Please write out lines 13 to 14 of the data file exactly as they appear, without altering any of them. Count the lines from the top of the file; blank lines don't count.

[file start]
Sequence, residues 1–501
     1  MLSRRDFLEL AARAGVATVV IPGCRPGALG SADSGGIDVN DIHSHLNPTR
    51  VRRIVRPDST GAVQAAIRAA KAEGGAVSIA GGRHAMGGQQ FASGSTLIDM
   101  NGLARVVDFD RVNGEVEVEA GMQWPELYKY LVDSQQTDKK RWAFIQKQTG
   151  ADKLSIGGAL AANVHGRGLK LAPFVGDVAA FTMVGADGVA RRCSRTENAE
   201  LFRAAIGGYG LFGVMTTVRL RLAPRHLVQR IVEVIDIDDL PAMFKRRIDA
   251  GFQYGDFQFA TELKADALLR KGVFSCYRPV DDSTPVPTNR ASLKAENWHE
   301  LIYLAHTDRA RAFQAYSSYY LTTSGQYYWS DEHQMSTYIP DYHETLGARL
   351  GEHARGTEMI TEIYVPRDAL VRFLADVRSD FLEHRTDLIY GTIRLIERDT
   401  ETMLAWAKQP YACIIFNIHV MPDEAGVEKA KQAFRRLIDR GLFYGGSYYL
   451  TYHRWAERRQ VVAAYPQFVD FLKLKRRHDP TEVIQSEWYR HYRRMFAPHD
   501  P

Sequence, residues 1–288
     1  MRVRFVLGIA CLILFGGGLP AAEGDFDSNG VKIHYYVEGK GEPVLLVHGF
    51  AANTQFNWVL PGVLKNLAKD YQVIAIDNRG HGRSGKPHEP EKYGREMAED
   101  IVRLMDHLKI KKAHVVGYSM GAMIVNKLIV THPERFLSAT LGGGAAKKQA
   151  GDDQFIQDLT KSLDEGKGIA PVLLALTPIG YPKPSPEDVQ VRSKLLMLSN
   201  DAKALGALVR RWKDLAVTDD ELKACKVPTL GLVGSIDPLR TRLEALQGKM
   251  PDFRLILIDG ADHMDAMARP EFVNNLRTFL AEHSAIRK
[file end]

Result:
Sequence, residues 1–288
     1  MRVRFVLGIA CLILFGGGLP AAEGDFDSNG VKIHYYVEGK GEPVLLVHGF